Greg said...

Trissa,

Yes, there is grout around some of the edges. It remains to be seen how much work this will be to get rid if it. As I said, if the new grout I use is the same color, then it won't be much work. I can just leave most of it there.

Anon,

I'll keep an eye on it, but I don't think it will be an issue. These tiles are not stoneware or pottery. I use the term "encaustic" but I'm not even sure how accurate that is. The boarder tiles were made by American Encaustic Tile Co., but these were not the traditional multi-colored pattern tiles one normally thinks of when one hears the term “encaustic tile”. They are basically unglazed porcelain. The tiles are a half inch thick and they were the floor tiles of a commercial building for 104 years before I pulled them up. That building was a saloon and a restaurant for many years, along with just about everything else in it’s life time. If anything was going to hurt these tiles they would have been destroyed a long time ago.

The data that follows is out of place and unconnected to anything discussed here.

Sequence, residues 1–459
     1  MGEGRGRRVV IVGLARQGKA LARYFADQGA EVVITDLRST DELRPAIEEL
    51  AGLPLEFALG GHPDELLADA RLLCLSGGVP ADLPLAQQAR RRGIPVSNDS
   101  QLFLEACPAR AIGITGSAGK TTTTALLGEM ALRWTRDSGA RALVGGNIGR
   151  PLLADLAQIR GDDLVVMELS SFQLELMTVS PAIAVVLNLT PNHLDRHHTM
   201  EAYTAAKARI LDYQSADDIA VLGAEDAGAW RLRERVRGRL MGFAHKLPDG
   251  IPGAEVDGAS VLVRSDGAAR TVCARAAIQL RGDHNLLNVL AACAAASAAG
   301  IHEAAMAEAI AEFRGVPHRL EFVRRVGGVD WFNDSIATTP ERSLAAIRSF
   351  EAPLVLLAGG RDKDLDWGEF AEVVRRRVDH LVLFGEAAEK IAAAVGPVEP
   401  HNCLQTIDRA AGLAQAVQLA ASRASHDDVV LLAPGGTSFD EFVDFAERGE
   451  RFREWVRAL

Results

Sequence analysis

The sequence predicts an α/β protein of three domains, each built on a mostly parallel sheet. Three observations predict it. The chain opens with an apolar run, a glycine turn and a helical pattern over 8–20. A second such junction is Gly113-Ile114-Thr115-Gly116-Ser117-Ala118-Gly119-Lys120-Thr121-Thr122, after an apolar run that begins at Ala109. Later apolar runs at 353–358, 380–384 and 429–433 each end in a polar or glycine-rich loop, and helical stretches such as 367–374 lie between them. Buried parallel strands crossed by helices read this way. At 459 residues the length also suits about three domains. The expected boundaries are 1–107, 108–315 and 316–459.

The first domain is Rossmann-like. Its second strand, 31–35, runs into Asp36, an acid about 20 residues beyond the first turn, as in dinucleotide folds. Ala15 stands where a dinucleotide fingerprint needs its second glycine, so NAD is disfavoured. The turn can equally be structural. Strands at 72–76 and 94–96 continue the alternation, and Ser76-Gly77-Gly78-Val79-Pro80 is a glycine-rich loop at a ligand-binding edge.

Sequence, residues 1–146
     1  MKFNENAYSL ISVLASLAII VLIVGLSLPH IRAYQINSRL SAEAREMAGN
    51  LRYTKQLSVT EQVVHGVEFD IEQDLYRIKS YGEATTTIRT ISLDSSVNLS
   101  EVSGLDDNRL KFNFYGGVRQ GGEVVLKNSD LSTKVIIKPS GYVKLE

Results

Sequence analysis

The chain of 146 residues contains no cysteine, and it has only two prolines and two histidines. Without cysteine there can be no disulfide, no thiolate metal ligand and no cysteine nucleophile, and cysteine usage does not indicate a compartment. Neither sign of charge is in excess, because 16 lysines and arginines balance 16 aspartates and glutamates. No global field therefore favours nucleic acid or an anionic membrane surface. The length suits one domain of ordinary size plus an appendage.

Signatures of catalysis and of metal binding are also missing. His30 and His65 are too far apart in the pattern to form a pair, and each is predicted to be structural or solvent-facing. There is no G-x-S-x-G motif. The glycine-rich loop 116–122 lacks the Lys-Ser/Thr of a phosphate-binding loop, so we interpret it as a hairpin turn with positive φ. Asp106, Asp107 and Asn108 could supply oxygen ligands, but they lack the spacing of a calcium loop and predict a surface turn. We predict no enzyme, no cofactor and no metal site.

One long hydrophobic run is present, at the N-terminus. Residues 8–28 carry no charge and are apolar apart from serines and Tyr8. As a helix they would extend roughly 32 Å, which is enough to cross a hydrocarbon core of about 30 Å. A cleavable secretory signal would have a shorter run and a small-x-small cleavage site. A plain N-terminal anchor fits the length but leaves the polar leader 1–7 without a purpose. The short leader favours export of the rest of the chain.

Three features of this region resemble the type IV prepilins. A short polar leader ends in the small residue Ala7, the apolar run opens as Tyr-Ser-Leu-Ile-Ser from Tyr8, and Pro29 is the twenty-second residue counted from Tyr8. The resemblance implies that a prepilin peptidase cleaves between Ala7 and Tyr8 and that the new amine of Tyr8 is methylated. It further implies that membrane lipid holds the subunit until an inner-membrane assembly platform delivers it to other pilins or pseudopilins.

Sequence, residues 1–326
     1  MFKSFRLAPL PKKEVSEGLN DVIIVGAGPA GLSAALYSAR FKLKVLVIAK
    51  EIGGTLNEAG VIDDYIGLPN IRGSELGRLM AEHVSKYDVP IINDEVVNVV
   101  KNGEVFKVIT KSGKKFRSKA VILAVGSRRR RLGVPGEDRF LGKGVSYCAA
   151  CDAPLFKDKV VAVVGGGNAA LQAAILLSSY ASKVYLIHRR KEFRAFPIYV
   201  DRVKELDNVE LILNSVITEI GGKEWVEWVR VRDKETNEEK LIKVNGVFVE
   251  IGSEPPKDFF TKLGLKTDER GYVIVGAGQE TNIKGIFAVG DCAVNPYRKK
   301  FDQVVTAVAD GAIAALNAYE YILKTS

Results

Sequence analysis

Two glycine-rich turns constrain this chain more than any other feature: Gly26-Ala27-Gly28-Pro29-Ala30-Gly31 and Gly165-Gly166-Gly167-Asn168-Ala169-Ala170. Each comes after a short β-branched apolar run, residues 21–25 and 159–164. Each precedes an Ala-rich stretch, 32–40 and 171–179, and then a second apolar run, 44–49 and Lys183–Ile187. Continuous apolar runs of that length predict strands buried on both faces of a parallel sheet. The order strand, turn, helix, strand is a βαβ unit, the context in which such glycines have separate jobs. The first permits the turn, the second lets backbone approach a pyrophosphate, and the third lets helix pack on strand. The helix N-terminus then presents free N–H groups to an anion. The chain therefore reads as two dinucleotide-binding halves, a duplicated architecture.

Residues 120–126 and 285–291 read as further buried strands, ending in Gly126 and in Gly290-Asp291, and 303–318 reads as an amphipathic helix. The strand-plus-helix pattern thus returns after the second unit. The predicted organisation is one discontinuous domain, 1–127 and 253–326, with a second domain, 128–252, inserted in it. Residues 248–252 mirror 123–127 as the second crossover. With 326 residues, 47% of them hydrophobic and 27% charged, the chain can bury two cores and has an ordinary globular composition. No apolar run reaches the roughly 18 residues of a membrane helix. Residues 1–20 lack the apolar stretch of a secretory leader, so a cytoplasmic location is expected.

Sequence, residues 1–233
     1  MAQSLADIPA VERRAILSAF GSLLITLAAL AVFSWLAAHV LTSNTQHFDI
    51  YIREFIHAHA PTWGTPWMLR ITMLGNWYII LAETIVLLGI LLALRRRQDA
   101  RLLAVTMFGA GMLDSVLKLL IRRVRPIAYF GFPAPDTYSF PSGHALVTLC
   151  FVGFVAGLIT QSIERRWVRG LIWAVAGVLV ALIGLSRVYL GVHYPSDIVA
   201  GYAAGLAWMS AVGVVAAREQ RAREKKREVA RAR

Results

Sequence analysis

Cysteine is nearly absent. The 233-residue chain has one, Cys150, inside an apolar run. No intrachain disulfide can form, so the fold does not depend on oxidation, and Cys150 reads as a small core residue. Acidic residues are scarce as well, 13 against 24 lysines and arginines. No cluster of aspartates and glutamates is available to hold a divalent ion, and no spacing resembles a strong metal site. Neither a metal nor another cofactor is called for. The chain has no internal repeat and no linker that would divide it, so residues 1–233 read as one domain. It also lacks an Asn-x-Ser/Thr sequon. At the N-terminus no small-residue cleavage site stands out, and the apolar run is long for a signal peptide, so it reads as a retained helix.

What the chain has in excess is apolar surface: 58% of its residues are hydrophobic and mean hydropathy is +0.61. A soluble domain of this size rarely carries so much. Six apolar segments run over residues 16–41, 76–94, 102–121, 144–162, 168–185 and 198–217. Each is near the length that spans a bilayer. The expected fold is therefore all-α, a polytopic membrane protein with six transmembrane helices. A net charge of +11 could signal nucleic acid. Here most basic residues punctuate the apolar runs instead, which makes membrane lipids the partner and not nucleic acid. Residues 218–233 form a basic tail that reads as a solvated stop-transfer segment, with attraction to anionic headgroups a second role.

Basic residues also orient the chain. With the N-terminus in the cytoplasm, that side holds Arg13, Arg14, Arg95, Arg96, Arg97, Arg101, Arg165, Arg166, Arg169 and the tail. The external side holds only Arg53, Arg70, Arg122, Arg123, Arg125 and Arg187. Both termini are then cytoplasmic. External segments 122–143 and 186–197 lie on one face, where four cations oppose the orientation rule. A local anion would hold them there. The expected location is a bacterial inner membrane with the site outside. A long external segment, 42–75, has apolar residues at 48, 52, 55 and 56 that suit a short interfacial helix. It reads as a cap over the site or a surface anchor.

StuccoHouse said...

You would have to work really, really, really hard to ruin those tiles with chemicals...or anything for that matter. I periodically wash my hex floors (old house & current)with Dreft laundry detergent & water and then rinse off with bleach water. Keeps them very white. I'd bet big money that they will outlive me. Only thing that I have seen affect them is torque from the subfloor which caused cracking.

You might consider a dark gray grout to replicate the old style concrete bed "grout." They will look so cool when you are done! One of those projects that will make you smile every time you see it.

Mark said...